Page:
Don’t Panic was once written on the cover of a now famous book and could probably be the catchphrase of WeightyBeer. With WeightyBeer you no longer have to worry about suddenly running out of beer and raging in surprised panic. WeightyBeer is the monitor system for your beer taps at home that you’ve subconsciously dreamt about ever since you got your first tap. With WeightyBeer you can register your taps and brews to keep track of which brews that’s currently on each tap and how much beer there’s left in each keg. At the very top it’s a React web app designed for that old tablet you never use, or the cheap one you’re about to invest in.

WeightyBeer consist of multiple individual modules with no inter-dependencies, except for the expected output of the modules. Most of the project (~95%) is implemented using Javascript, React and Node.js, and in addition a small program for the Arduino. The modules communicate through and store data in Google’s Firebase, though if you really want to you can exchange this as well – as long as whatever you choose to use implements the Firebase API. The project has been a fun way for me to learn different new technologies of which I have of course selected those that I desired most to learn. For the web app (aka the client) I went with React, Redux, webpack and Material-UI, which really was a giving learning experience.



There are three Javascript modules/apps that make up WeightyBeer: the client (web app), the weighthub and the weightsensor. The weighthub and weightsensor apps constitute a simple DSP (Digital Signal Processing) application. The weightsensor is the sampler of the two and is responsible for configuring the arduino and sampling data from the load cells (package scales). While the weighthub performs the quantization process, or in other words aggregates the sampled values from the load cells. The client then interprets the data from the weighthub, combines it with the declared keg volume of a tap and displays it to you and your guests on a nice interface on the tablet.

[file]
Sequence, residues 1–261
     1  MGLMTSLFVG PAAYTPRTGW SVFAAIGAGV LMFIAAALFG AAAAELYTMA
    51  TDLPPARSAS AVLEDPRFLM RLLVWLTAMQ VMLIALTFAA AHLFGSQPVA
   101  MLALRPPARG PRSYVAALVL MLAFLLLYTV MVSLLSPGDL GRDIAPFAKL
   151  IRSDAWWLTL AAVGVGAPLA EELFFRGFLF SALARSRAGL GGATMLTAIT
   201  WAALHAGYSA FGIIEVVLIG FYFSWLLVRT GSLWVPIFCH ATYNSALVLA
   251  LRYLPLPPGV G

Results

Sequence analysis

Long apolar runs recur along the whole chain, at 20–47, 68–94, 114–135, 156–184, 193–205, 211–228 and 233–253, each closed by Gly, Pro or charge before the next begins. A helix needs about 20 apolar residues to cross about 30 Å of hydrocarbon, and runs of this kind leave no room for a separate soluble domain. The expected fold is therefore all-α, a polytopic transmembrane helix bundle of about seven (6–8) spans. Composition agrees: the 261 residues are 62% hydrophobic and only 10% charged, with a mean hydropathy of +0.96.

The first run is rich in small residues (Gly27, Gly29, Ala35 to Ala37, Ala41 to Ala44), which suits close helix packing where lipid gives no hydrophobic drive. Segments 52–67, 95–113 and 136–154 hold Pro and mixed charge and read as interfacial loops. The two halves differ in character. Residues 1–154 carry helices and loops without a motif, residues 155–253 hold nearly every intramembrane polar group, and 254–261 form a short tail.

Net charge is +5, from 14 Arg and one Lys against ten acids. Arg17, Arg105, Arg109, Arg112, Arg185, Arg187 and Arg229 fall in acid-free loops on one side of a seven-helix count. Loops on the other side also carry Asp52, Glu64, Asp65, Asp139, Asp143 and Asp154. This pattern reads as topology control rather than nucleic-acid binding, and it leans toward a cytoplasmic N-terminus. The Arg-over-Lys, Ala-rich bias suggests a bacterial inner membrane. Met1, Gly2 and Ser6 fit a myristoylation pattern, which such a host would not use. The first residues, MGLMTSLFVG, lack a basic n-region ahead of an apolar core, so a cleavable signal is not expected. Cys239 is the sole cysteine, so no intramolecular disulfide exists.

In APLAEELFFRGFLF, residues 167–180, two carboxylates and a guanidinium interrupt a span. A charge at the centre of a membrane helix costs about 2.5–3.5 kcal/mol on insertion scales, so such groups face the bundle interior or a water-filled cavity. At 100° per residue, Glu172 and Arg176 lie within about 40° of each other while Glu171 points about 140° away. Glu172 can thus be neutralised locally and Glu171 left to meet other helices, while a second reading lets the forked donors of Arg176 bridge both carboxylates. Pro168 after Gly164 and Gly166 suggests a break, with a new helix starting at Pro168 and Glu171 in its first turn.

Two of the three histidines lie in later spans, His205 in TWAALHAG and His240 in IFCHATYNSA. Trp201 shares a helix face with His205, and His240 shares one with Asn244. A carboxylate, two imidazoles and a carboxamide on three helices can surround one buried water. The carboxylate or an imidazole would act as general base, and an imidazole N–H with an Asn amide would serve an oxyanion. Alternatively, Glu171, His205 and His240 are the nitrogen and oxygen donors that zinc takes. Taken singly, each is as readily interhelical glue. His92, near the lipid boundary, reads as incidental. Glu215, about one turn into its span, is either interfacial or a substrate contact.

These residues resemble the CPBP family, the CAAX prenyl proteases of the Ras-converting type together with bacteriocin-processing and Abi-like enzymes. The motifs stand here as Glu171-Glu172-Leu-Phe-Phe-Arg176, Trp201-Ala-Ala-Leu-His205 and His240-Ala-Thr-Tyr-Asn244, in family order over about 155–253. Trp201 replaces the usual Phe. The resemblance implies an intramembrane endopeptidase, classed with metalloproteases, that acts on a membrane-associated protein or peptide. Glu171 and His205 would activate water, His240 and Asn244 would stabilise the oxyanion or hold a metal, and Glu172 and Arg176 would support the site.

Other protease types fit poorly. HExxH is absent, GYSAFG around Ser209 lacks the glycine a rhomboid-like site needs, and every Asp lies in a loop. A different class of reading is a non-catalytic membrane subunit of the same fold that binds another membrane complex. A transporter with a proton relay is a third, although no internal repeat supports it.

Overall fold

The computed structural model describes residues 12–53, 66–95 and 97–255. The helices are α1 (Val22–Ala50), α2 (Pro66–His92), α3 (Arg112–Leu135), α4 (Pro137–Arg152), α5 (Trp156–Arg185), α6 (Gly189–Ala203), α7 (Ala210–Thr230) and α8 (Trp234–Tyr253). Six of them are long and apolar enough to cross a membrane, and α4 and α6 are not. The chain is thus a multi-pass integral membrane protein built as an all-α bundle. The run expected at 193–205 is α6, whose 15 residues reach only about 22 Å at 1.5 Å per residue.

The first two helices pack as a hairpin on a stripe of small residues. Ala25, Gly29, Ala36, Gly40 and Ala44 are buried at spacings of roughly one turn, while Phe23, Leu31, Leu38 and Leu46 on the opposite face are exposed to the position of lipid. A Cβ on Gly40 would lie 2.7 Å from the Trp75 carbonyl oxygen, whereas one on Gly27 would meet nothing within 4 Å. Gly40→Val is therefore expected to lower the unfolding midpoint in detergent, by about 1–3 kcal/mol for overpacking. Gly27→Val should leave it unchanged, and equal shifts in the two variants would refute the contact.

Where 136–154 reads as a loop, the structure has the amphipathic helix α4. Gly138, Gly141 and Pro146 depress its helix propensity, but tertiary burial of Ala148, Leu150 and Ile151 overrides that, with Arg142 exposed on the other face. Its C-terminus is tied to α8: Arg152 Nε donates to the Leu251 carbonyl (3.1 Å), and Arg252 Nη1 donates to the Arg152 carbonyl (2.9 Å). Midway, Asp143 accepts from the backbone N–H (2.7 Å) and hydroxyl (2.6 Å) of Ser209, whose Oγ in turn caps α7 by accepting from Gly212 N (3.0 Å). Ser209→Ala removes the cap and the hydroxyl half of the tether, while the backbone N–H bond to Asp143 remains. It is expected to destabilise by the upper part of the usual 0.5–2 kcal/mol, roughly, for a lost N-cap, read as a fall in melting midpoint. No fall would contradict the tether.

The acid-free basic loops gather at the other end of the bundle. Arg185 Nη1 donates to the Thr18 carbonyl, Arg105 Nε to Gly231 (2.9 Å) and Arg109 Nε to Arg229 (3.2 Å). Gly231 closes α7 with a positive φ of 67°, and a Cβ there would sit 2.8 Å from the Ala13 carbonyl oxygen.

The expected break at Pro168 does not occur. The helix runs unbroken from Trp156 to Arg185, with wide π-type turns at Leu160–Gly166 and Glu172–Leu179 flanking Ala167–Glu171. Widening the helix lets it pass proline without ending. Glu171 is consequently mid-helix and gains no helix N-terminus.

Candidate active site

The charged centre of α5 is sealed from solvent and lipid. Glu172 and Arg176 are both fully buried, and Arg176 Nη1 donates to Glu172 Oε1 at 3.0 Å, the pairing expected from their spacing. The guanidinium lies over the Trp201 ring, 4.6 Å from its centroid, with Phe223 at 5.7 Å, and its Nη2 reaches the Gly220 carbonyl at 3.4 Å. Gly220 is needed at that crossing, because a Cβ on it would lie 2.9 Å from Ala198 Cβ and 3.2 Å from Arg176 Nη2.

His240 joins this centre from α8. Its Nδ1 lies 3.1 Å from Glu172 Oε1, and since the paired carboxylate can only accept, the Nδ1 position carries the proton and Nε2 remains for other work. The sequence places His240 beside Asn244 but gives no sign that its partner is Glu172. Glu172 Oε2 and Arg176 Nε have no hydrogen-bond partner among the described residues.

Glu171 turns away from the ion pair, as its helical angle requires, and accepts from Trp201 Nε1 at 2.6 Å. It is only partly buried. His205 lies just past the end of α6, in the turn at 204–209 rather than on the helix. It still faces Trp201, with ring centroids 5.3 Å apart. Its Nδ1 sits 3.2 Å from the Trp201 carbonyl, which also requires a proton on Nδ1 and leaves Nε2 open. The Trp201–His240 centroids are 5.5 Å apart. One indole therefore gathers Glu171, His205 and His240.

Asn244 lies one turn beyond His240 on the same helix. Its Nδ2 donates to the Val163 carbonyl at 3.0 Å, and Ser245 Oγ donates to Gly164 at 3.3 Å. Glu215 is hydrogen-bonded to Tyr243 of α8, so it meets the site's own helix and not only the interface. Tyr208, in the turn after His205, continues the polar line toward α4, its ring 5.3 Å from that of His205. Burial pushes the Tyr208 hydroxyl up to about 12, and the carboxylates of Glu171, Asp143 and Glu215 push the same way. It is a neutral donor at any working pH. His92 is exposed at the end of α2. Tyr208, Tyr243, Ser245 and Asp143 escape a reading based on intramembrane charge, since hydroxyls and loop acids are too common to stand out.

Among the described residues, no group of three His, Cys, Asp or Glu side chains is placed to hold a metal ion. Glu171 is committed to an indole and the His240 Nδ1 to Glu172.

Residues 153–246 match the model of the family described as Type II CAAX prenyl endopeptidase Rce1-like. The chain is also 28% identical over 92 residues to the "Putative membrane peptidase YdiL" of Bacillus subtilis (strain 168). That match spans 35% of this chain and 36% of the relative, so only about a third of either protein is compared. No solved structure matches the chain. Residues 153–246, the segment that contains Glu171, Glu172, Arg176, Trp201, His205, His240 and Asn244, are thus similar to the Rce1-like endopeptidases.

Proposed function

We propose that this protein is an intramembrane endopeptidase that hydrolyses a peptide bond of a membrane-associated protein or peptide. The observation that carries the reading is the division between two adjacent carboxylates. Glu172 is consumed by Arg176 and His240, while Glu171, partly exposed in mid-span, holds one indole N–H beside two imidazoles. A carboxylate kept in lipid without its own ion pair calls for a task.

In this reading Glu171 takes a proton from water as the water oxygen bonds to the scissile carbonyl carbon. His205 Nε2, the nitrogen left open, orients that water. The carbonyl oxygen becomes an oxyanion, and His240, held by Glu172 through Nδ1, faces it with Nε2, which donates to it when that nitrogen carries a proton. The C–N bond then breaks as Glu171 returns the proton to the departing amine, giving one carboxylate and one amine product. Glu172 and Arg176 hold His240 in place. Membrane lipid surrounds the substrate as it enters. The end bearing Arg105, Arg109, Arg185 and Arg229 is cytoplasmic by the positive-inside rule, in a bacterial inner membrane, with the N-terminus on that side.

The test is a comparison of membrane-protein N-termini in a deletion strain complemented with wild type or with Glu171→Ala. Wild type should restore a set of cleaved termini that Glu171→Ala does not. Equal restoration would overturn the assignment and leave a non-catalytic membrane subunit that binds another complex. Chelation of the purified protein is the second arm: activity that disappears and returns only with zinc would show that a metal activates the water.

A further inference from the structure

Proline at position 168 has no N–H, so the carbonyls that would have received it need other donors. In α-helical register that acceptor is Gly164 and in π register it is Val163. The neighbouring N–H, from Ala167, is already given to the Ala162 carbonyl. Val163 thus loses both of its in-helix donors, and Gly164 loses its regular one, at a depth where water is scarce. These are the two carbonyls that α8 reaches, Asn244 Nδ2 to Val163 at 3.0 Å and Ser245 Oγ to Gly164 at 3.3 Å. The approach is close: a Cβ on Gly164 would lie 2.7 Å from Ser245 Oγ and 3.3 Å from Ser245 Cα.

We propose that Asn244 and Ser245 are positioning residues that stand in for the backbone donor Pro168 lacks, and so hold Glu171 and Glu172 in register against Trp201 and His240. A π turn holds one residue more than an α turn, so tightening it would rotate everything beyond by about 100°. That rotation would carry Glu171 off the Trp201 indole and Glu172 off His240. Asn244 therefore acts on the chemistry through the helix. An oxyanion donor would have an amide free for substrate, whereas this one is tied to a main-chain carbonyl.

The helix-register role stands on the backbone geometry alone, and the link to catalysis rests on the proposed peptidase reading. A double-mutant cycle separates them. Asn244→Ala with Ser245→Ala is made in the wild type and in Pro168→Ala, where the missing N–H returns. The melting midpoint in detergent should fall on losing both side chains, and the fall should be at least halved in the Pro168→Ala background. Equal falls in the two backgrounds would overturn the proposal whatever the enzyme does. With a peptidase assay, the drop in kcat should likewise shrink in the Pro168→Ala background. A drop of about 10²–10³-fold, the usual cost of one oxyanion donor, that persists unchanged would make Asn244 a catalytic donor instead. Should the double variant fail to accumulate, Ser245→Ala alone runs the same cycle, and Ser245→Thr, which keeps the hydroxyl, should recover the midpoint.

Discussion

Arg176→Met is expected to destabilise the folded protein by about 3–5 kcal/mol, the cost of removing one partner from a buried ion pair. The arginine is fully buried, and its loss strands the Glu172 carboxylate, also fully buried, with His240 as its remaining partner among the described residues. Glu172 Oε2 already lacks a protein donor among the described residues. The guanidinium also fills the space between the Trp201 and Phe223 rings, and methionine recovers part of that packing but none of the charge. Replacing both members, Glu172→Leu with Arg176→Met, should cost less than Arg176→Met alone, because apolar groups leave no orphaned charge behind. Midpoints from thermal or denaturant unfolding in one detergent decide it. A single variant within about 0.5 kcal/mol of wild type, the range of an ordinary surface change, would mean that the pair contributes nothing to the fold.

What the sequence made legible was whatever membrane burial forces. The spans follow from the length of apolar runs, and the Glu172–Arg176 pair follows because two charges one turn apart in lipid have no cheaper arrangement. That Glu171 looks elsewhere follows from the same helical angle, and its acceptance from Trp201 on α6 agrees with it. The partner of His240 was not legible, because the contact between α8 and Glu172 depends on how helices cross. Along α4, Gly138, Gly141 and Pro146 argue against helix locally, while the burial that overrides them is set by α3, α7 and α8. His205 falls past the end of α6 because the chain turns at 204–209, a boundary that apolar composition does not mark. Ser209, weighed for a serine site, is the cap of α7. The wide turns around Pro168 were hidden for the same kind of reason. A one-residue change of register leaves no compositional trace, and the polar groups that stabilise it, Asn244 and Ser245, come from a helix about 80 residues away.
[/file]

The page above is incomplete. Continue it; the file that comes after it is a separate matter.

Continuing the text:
Get started

WeightyBeer is open-sourced (MIT) and available at GitHub and you can «easily» set it up for your own taps, but you’ll need a few items to do so.

Shopping list

  • Tablet
  • Arduino
  • Weak computer (e.g. Raspberry Pi)
  • Load Cell Amplifiers – HX711 (cheap on ebay)
  • Package scales
  • Dupont wire cables (cheap on ebay)
  • (Soldering iron)

Load cell amplifiers

I bought a pack of five HX711 load cell amplifiers for 10$ on ebay including free shipping. Each load cell amplifier included a metal shield and a set of different connection pins that had to be soldered on to the chips. If you don’t know the basics of soldering I do recommend that you read a simple introduction, it will save you some pain. The difficult part, for me at least, was that the chips that I bought had different names than what the tutorials I found has. In retrospect I’ve found that you can trust the tutorial of the SparkFun HX711, and there is a lengthy story of how I made it all much more complicated than it needs to be. Don’t worry though, I won’t bore you with the details.

Package scale

The package scales that I bought I found at a Norwegian electronics shop and is a bit more on the expensive side than the other components of this project. You may find cheaper scales on ebay that will work just fine for your purposes. For my purposes however, I didn’t find any cheap scales on ebay that fit the space requirements of my keg refrigerator. You’ll find a picture below of the inside of my scales and, as I’ve come to understand, no matter what scale you end up using the insides will be quite similar. There should be four wires coming out of the load cell that connects to a chip. You need to cut these wires from the chip, and then you can throw the chip away, or keep it – your choice.


I’ll refer to the components that I used, but it should be similar in most cases I believe. See the pictures below. The «VCC, DO/RX, CK/TX, GND»-side of the HX711 amplifier connects to the Arduino and the other side to the load cell. The outputPin and clockPin will be the ones you configure in the weightsensor/config.json file. If the values read through the weightsensor app decreases, instead of increases, as you increase the preassure on the scale simply swap them (which is what I had to do).

  • HX711 → Arduino
    • VCC → 3.3v
    • GND → GND
    • DO/RX → outputPin
    • CK/TX → clockPin
  • HX711 → Load cell
    • out+ → red wire
    • GND → black wire
    • A+ → white wire
    • A- → green wire




Follow the guide found in the repository.


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